Comment - Demand stays high at prime locations

Cushman & Wakefield Healey & Baker's latest data on high street vacancies seem to run counter to the received economic wisdom.

With the economy slowing and tourism facing disruption from the threat of terrorism and the reality of war, logic would say a forest of estate agents' boards should be sprouting on the high street. But that is not the case.

What seems to be happening is that there is a flight to quality taking place. At a time when retailers have to scrutinise every acquisition closely, the ones that are easiest to justify are those in tried and tested locations.

So despite all its problems, central London is still a place where retailers want to trade, and the number of shops available in the market has continued to fall.

What the research does not tell us is what is happening in secondary pitches - it could be that letting agents are finding it tougher to shift off-pitch shops. But it is places such as Oxford Street and Princes Street that are the real bellwethers of UK retail. And they are not doing badly.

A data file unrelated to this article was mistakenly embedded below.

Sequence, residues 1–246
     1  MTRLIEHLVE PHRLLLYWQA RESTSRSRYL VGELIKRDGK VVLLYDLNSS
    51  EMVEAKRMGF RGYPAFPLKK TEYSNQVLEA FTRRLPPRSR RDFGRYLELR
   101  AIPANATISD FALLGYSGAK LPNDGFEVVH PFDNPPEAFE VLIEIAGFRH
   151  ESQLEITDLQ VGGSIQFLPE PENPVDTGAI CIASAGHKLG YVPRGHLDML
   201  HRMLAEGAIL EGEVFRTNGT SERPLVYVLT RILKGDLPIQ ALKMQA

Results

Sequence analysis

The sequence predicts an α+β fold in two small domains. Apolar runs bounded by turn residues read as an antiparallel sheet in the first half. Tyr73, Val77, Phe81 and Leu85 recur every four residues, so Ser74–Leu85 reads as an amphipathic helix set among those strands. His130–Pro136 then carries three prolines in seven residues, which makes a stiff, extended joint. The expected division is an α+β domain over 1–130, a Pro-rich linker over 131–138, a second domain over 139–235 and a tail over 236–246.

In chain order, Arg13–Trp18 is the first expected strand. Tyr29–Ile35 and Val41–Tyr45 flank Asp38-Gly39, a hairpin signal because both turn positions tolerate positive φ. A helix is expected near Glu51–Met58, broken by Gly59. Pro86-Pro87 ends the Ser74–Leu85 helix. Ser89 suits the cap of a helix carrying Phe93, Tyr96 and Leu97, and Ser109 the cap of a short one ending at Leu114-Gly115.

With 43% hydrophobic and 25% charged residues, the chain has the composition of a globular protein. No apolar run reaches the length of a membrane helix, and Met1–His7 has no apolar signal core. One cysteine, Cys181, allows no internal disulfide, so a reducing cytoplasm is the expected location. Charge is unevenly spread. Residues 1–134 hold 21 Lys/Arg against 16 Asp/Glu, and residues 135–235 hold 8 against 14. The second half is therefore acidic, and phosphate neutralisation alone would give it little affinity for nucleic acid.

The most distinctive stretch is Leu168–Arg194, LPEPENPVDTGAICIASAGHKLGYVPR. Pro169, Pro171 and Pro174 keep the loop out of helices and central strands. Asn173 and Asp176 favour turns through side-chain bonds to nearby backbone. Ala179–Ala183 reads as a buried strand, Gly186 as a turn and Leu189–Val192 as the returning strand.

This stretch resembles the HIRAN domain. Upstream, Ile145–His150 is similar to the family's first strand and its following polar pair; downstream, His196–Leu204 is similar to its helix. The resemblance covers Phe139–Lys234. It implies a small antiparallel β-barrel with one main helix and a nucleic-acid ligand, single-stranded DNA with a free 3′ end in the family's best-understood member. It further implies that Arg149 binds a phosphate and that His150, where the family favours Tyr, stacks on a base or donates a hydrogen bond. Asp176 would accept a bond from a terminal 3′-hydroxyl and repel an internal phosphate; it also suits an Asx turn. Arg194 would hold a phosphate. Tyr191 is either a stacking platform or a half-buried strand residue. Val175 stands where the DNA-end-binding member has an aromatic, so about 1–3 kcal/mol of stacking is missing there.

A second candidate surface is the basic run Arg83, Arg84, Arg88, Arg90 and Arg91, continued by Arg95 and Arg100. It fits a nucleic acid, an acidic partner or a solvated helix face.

Of course, this cannot go on indefinitely - eventually, if the number of business failures continues to rise, then there will be more sellers than buyers of shops even in the best locations. At the moment, if I ask the Retail Week photo library for a picture of a row of 'to let' boards on a prime pitch, then the best they can come up with is some dog-eared old print from more than a decade ago. How long before we can send out a photographer for a fresh version?

On this count, the jury is still out. Of course, when Chancellor Brown finally gets around to giving us this year's Budget speech, he is going to put a positive gloss on things.

But the economic picture is not unremittingly gloomy in the UK - the economy is still growing, albeit at a slower rate than of late. And unemployment has fallen to such an extent that the Government no longer feels obliged to cook the books and has reverted to a more sensible measure of the dole queue.

Two things could blow the economy off course. One is a long and ruinously expensive war in the Middle East, which looks unlikely in a conflict between US technology and Iraqi conscripts. And the other is massive disruption to oil supplies, which is marginally more likely to happen.

But the betting still has to be put on a soft landing for the economy and a continued strong market for retail property in the UK.